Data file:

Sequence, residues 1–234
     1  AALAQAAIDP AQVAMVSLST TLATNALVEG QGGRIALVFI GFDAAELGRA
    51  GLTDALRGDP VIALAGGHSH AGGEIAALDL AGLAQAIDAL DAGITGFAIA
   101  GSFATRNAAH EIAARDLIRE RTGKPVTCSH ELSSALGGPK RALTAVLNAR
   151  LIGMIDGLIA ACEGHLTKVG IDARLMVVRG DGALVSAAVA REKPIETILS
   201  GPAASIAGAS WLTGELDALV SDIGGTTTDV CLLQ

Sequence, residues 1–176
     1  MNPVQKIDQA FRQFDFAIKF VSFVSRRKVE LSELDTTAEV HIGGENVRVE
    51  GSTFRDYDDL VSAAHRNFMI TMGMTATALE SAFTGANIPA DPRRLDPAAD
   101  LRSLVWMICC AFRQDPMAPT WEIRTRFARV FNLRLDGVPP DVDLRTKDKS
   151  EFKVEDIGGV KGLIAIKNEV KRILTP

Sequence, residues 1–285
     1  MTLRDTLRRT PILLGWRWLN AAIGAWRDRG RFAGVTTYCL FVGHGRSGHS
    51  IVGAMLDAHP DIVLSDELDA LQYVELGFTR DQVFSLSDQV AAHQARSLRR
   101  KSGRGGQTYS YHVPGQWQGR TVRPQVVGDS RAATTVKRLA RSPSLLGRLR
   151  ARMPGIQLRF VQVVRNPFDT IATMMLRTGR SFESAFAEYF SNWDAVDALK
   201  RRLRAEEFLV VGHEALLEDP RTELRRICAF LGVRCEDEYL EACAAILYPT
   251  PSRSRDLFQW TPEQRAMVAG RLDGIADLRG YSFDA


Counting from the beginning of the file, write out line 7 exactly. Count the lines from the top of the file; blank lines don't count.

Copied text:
Sequence, residues 1–176